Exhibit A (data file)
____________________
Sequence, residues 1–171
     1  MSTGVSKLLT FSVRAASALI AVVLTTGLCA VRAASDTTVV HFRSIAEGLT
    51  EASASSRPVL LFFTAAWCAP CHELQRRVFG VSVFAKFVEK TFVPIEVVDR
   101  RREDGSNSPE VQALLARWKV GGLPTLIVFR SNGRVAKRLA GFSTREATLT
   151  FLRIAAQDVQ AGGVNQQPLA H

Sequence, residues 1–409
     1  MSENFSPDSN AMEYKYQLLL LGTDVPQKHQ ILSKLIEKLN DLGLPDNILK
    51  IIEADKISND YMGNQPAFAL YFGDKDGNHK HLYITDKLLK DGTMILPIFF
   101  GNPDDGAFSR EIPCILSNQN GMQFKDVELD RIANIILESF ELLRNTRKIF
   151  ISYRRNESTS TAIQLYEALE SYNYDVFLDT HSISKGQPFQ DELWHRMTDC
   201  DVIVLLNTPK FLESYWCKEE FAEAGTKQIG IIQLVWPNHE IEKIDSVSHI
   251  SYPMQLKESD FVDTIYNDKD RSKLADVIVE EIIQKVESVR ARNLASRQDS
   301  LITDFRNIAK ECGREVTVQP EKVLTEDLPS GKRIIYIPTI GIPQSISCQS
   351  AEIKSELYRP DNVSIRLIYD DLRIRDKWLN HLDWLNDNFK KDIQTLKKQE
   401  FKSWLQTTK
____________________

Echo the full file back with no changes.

Sequence, residues 1–171
     1  MSTGVSKLLT FSVRAASALI AVVLTTGLCA VRAASDTTVV HFRSIAEGLT
    51  EASASSRPVL LFFTAAWCAP CHELQRRVFG VSVFAKFVEK TFVPIEVVDR
   101  RREDGSNSPE VQALLARWKV GGLPTLIVFR SNGRVAKRLA GFSTREATLT
   151  FLRIAAQDVQ AGGVNQQPLA H

Sequence, residues 1–409
     1  MSENFSPDSN AMEYKYQLLL LGTDVPQKHQ ILSKLIEKLN DLGLPDNILK
    51  IIEADKISND YMGNQPAFAL YFGDKDGNHK HLYITDKLLK DGTMILPIFF
   101  GNPDDGAFSR EIPCILSNQN GMQFKDVELD RIANIILESF ELLRNTRKIF
   151  ISYRRNESTS TAIQLYEALE SYNYDVFLDT HSISKGQPFQ DELWHRMTDC
   201  DVIVLLNTPK FLESYWCKEE FAEAGTKQIG IIQLVWPNHE IEKIDSVSHI
   251  SYPMQLKESD FVDTIYNDKD RSKLADVIVE EIIQKVESVR ARNLASRQDS
   301  LITDFRNIAK ECGREVTVQP EKVLTEDLPS GKRIIYIPTI GIPQSISCQS
   351  AEIKSELYRP DNVSIRLIYD DLRIRDKWLN HLDWLNDNFK KDIQTLKKQE
   401  FKSWLQTTK